The visualization of coronary artery stents is substantially more difficult than assessment of the native coronary artery vessels. Especially for stents of smaller diameter, artifacts are frequent and typically case false-positive interpretations . Hence, coronary CT angiography is usually not recommended in patients after coronary stent implantation (with the only possible exception of large stents placed in the left main coronary artery) .
Bypass grafts can easily and reliably be visualized by cardiac computed tomography. They typically have a larger diameter and move less than the native coronary arteries and are therefore not as challenging to visualize. However, the identification of stenoses at the coronary anastomotic site can be difficult, and a major problem is often severe calcifications, paired with small vessel diameters, of the native vessels in patients with bypass grafts. This decreases accuracy for stenosis detection in the native arteries of patients after bypass surgery (especially the positive predictive value can be rather low) and limits the clinical utility. The current “Appropriateness Criteria”  list the establishment of bypass patency in symptomatic post-CABG patients as a potential application for cardiac computed tomography imaging, but the limitations concerning analysis of native arteries—which will undoubtedly decrease as technology progresses further—need to be considered.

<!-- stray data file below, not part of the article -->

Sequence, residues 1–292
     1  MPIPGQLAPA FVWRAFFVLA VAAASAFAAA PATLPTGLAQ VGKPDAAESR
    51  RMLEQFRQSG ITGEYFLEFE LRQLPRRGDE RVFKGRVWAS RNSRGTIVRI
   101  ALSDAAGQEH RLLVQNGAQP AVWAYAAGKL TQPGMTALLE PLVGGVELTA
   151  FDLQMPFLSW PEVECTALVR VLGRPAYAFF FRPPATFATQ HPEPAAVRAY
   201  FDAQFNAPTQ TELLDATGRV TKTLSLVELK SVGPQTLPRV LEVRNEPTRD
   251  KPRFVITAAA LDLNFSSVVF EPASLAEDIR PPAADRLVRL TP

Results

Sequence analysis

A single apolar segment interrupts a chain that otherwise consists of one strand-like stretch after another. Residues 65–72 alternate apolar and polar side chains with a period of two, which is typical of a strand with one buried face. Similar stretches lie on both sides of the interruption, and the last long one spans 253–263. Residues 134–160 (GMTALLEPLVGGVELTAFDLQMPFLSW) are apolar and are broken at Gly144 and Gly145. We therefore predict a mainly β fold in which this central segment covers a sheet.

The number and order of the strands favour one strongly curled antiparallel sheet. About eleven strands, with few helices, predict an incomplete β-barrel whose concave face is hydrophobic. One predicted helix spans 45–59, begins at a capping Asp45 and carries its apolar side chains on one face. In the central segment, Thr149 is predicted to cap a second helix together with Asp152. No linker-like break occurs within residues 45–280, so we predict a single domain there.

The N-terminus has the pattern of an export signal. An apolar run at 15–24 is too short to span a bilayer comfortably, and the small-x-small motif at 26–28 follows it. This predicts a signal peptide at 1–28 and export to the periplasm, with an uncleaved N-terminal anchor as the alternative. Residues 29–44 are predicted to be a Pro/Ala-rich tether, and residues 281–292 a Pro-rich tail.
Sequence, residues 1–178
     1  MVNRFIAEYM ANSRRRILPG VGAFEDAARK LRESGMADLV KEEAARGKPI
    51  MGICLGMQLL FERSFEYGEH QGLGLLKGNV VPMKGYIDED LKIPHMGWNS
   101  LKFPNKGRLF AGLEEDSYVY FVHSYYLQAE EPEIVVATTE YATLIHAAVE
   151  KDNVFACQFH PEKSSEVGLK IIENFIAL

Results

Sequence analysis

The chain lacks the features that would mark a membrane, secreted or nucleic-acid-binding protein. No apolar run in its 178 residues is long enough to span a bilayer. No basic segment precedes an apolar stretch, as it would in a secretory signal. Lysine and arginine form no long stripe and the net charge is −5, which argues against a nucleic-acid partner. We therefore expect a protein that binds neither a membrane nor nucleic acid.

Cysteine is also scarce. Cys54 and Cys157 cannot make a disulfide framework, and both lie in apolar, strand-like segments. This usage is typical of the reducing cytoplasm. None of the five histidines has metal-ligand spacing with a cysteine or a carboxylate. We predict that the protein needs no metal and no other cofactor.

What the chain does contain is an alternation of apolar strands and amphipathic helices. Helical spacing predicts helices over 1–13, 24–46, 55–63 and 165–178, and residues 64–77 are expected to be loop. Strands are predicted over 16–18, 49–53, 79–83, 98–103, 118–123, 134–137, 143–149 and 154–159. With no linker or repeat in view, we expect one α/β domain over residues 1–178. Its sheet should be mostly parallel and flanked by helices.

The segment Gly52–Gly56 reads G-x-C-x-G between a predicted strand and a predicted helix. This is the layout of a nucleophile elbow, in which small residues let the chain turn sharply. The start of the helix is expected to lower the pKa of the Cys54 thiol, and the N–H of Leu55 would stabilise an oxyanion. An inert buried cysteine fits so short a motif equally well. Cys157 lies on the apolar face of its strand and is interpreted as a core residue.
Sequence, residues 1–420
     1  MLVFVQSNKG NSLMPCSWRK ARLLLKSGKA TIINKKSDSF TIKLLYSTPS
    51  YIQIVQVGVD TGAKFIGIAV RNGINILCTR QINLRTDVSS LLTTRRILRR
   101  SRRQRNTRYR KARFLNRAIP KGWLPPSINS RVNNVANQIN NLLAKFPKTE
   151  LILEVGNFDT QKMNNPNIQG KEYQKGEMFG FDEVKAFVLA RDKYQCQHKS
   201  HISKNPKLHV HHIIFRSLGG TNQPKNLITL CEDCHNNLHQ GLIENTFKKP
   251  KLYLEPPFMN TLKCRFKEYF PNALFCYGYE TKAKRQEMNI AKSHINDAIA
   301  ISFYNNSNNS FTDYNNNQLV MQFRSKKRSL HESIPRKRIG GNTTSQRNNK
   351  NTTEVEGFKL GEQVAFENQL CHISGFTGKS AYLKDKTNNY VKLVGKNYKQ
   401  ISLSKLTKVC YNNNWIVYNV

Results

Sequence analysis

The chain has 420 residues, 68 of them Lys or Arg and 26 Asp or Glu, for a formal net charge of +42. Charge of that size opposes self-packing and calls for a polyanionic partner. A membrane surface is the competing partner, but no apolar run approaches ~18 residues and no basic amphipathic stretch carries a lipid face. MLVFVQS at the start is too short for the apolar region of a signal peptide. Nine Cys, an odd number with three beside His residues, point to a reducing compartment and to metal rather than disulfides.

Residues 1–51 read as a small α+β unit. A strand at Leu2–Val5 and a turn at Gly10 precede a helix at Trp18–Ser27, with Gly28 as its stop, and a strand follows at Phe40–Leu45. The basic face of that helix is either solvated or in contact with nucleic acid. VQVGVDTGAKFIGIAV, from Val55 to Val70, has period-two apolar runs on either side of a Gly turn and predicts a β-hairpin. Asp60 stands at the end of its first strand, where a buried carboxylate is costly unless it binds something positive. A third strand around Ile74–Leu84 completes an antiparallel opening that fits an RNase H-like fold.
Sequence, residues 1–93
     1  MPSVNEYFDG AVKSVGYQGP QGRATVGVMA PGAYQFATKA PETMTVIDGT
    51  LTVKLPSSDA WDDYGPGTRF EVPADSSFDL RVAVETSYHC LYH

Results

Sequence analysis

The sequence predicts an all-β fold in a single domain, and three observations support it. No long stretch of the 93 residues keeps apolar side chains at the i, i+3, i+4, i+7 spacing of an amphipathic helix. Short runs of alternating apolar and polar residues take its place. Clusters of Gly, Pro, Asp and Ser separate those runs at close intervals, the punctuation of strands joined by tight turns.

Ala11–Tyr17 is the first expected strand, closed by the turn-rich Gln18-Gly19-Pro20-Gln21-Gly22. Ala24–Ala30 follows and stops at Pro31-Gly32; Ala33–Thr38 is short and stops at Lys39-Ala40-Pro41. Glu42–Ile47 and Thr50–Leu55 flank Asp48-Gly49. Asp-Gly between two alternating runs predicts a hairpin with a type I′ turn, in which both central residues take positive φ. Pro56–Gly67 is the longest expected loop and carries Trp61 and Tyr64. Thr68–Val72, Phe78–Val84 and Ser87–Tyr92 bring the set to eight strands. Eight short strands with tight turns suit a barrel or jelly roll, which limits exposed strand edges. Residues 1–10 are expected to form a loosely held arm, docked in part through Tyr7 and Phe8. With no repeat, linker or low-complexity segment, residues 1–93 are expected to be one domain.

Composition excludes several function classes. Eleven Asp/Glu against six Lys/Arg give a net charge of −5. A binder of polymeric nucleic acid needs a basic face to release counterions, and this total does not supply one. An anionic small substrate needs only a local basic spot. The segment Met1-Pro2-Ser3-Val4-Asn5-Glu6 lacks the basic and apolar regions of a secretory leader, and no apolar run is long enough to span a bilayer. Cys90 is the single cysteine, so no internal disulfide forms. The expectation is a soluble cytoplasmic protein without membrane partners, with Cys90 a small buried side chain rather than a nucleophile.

One major area of interest is the visualization of coronary atherosclerotic plaque by computed tomography. As opposed to invasive coronary angiography, coronary CT angiography, a cross-sectional technique, is not restricted to visualization of the contrast-enhanced lumen but also permits visualization of the coronary arterial wall and, hence, of coronary atherosclerotic plaque. Not only stenotic lesions but also non-obstructive plaques, whether calcified or non-calcified, can be visualized if image quality is sufficiently high (see Fig. 8). Initial investigations have been able to demonstrate that non-stenotic plaque seen in coronary CT angiography has prognostic implications [24, 38, 39]: The risk for future cardiovascular events and mortality is increased if computed tomography demonstrates coronary atherosclerotic plaque. Increasing plaque burden is associated with a greater risk . Most data have been obtained in symptomatic patient populations—there is very little information on the prognostic meaning of coronary CT angiography in asymptomatic individuals [40, 41]. It has also been demonstrated nicely that, again, the negative predictive value of CT is particularly high: Event rates are superbly low when no plaque is present. The positive predictive value is not as high: Even in the presence of plaque, event rates are relatively low , which may have to do with the fact that coronary CT angiography is typically applied in low-risk populations.
Several authors have been able to show that the ability of CT extends beyond mere plaque detection and quantification: Certain plaque features, such as positive remodeling (see Fig. 9), spotty calcification, and low attenuation values (typically, below 30 HU), are associated with a particularly high risk of experiencing a future cardiovascular event .
Support of interventional procedures